Preshing on ProgrammingPreshing on Programming

Double-Checked Locking is Fixed In C++11

The double-checked locking pattern (DCLP) is a bit of a notorious case study in lock-free programming. Up until 2004, there was no safe way to implement it in Java. Before C++11, there was no safe way to implement it in portable C++.

The pattern gained attention for the shortcomings it exposed in those languages, and people began to write about it. In 2000, a group of high-profile Java developers got together and signed a declaration entitled “Double-Checked Locking Is Broken”. In 2004, Scott Meyers and Andrei Alexandrescu published an article entitled “C++ and the Perils of Double-Checked Locking”. Both papers are great primers on what DCLP is, and why, at the time, those languages were inadequate for implementing it.

All of that’s in the past. Java now has a revised memory model, with new semantics for the volatile keyword, which makes it possible to implement DCLP safely. Likewise, C++11 has a shiny new memory model and atomic library which enable a wide variety of portable DCLP implementations. C++11, in turn, inspired Mintomic, a small library I released earlier this year which makes it possible to implement DCLP on some older C/C++ compilers as well.

In this post, I’ll focus on the C++ implementations of DCLP.

Acquire and Release Fences

Acquire and release fences, in my opinion, are rather misunderstood on the web right now. That’s too bad, because the C++11 Standards Committee did a great job specifying the meaning of these memory fences. They enable robust algorithms which scale well across multiple cores, and map nicely onto today’s most common CPU architectures.

First things first: Acquire and release fences are considered low-level lock-free operations. If you stick with higher-level, sequentially consistent atomic types, such as volatile variables in Java 5+, or default atomics in C++11, you don’t need acquire and release fences. The tradeoff is that sequentially consistent types are slightly less scalable or performant for some algorithms.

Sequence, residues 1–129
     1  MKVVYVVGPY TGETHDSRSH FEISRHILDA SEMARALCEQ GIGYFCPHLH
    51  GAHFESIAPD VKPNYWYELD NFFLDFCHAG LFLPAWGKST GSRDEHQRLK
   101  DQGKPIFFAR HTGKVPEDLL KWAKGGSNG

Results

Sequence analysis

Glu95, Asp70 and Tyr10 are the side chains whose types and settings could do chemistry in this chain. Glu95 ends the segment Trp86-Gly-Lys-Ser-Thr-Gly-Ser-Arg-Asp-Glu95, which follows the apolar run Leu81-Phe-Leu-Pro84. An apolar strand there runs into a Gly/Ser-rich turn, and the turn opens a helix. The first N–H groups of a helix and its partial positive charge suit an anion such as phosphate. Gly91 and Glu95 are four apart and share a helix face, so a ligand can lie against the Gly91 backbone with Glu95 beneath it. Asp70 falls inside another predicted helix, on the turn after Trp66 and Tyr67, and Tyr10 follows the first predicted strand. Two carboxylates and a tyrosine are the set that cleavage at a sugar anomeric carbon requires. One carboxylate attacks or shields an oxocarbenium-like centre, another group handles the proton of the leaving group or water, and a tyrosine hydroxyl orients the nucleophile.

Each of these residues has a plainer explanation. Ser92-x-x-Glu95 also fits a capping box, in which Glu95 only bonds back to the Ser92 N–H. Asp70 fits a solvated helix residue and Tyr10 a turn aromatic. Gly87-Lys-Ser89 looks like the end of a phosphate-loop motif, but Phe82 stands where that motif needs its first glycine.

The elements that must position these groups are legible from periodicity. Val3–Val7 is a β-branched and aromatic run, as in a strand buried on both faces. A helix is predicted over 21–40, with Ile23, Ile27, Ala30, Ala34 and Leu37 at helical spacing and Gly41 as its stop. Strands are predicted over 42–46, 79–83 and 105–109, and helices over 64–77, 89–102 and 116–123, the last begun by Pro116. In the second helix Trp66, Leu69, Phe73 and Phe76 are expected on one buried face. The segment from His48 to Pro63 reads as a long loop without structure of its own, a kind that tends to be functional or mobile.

On the other hand, if you’ve developed for multicore devices in the days before C++11, you might feel an affinity for acquire and release fences. Perhaps, like me, you remember struggling with the placement of some lwsync intrinsics while synchronizing threads on Xbox 360. What’s cool is that once you understand acquire and release fences, you actually see what we were trying to accomplish using those platform-specific fences all along.

Acquire and release fences, as you might imagine, are standalone memory fences, which means that they aren’t coupled with any particular memory operation. So, how do they work?

An acquire fence prevents the memory reordering of any read which precedes it in program order with any read or write which follows it in program order.

A release fence prevents the memory reordering of any read or write which precedes it in program order with any write which follows it in program order.

The Synchronizes-With Relation

In an earlier post, I explained how atomic operations let you manipulate shared variables concurrently without any torn reads or torn writes. Quite often, though, a thread only modifies a shared variable when there are no concurrent readers or writers. In such cases, atomic operations are unnecessary. We just need a way to safely propagate modifications from one thread to another once they’re complete. That’s where the synchronizes-with relation comes in.